Commenting Your Code

Last week I was working with a Java library for manipulating SVG’s. With the library came a Javadoc, but when I looked through the Javadoc, I was surprised to find that none of the methods had any explanations. Classes were shown as well as the methods that belonged to each class. But what did doScale() do? What was the purpose of SVGAbstractTranscoder? None of this made sense, and while a “getting started” guide was provided, it wasn’t thorough and only explained a few simple tasks, none of which helped me do what I was trying to. Long story short, I had to move to a more well-documented library, and though it has less features, I at least could figure out how to use these features as the documentation was vastly superior.

Comments are immensely beneficial to anyone that is going to be dealing with your code, including yourself. There are many places where comments are helpful, including those describing a method, those describing class properties, those describing classes, and those describing the purpose of a block of code. Of those listed, I feel commenting a method is the most beneficial. Object-oriented programming (OOP) naturally tends to have many method calls across many different classes, and being able to find your way around and determine the expected input and output of a method, but also the purpose of a method can be a lifesaver. Even one brief sentence can help someone out that would otherwise have absolutely no clue what this method you wrote is for. Not only do comments help you later on down the road, after you’ve written the code and possibly forgot what a method was for, but it has the immediate benefit of making you think, “what is the purpose of this method?” If you comment methods before you write the implementation, you have a “definition” of the method, and when implementing your method, you’ll be able to tell if the purpose of the method is becoming fuzzy or if the code you’re writing is spot on with your original intentions of writing the method.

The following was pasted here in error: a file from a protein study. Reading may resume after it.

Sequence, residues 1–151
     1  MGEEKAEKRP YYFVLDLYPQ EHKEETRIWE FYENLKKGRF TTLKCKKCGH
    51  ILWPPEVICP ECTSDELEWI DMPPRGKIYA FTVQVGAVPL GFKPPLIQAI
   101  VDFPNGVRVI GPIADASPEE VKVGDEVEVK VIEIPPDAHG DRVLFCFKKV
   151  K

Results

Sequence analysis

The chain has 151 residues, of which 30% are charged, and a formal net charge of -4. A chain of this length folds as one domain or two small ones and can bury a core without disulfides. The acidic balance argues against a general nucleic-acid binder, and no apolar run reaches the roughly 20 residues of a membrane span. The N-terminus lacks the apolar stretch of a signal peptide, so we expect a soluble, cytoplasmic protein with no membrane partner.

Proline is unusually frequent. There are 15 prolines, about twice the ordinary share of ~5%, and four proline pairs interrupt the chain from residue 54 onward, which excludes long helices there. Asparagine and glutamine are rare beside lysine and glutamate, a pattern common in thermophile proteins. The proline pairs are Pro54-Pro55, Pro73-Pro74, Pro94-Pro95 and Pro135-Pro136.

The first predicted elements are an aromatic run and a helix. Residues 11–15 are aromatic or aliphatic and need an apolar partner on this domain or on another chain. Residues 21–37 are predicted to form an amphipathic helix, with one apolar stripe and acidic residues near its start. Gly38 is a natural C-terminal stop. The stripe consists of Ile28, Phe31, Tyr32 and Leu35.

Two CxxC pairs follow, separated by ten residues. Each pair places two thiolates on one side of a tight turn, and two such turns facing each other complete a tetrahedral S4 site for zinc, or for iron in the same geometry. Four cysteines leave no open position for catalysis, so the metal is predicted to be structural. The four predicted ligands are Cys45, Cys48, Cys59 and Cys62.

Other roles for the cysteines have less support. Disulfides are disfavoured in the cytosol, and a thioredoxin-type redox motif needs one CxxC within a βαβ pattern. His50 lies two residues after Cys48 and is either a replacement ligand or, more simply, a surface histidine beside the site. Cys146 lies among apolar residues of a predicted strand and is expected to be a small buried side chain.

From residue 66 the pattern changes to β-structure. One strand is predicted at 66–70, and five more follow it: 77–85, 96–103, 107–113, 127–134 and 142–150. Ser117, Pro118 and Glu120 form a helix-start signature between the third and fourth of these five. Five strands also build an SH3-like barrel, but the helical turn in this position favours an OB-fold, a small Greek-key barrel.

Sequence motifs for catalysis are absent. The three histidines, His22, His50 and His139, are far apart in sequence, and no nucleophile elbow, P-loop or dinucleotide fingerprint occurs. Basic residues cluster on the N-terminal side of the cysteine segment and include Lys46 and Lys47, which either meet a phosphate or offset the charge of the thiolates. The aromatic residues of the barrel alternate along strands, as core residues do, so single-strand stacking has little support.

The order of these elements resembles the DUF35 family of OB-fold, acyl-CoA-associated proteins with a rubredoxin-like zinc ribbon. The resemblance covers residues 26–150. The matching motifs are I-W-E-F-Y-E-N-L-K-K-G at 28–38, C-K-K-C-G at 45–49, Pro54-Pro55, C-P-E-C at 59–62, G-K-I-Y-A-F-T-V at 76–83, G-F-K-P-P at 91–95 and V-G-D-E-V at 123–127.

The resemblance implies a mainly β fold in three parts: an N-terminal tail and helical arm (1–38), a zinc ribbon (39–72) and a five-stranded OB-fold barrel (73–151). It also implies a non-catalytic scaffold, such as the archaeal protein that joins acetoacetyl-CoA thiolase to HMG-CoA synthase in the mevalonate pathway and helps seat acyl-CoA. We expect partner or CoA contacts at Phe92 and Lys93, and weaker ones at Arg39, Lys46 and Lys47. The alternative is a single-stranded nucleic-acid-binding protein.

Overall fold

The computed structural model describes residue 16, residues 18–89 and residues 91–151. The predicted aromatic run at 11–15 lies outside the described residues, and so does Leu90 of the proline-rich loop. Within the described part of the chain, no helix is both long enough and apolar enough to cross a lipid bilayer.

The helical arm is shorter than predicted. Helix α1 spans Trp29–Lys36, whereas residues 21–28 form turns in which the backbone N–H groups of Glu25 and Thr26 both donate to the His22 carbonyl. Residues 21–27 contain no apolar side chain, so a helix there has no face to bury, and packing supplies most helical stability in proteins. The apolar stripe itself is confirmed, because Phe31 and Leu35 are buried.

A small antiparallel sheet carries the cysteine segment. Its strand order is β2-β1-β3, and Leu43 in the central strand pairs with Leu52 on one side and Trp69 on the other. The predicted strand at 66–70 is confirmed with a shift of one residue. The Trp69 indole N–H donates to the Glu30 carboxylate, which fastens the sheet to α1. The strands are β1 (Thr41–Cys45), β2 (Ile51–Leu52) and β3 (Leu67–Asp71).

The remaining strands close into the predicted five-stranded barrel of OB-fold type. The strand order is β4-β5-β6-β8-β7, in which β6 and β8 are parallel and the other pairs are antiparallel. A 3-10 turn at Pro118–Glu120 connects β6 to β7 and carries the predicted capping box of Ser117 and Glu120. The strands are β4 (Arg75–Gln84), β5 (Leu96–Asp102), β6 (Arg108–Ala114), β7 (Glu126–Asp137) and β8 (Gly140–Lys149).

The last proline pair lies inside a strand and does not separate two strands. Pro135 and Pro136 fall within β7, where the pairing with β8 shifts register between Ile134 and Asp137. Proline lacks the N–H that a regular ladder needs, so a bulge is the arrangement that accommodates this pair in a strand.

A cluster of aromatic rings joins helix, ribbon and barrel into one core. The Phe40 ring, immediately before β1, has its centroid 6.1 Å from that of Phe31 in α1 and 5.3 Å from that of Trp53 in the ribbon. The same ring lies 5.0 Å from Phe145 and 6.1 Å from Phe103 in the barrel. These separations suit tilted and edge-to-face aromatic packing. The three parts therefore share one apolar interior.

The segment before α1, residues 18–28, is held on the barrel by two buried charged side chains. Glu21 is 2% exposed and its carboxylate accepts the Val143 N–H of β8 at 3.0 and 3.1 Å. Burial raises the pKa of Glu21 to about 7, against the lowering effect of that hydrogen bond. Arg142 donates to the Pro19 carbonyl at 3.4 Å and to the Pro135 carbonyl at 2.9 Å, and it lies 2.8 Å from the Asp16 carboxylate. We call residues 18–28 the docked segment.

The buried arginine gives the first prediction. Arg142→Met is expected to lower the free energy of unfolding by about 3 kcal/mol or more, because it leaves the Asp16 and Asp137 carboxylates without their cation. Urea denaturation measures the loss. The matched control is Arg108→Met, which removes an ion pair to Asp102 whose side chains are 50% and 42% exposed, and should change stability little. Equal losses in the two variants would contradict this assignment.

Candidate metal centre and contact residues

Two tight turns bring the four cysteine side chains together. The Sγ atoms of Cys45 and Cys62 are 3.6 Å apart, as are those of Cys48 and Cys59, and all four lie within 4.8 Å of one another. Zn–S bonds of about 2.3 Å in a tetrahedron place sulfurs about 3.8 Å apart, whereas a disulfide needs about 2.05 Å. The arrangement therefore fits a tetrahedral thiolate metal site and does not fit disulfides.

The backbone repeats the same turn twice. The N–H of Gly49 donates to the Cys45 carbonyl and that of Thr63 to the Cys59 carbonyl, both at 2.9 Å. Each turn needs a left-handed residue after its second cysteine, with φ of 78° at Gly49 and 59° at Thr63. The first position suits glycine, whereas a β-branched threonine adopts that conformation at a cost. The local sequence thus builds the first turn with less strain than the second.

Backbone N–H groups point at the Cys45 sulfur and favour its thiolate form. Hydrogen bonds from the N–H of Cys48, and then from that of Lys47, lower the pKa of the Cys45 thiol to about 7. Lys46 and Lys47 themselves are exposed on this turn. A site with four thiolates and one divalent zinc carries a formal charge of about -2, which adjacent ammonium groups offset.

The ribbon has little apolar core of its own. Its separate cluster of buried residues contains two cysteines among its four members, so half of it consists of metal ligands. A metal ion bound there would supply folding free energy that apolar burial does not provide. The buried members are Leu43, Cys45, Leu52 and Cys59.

It is also important to note that most modern IDE’s have the ability to parse through comment blocks above methods and the better the comments, the better smarter the code completion will be. For the purists, some IDE’s allow you to throw errors at compile-time if a method is not commented, a feature that I sometimes find a burden, but more often than not has led to me writing better code than I would have otherwise.

Some feel that well written code doesn’t need comments, and some (I don’t get this logic) feel lots of comments are bad because it demonstrates that the code is not self-descriptive. This is just plain wrong, well-documented code rarely, if ever, means code is sub-par. In fact, I would go as far as to say the opposite is true, if I see good comments, I get that piece of mind that the author of the code knew his intentions well and planned out the code well enough to be able to define a purpose for each method, each class is carefully targeted and named for a specific purpose. If I saw a library with 500,000 lines of code, I would honestly be pretty scared of the stability and robustness of such a library.

Lastly, if you don’t want to take my word for it, look at any open source code library. I’d be willing to bet comments are poured liberally throughout the entire library. It’s not uncommon for the comment of a method to be longer than the implementation of the method. There is such thing as too many comments, but too much is better than not enough.

So, in conclusion, don’t be afraid to use comments, they’re your friend.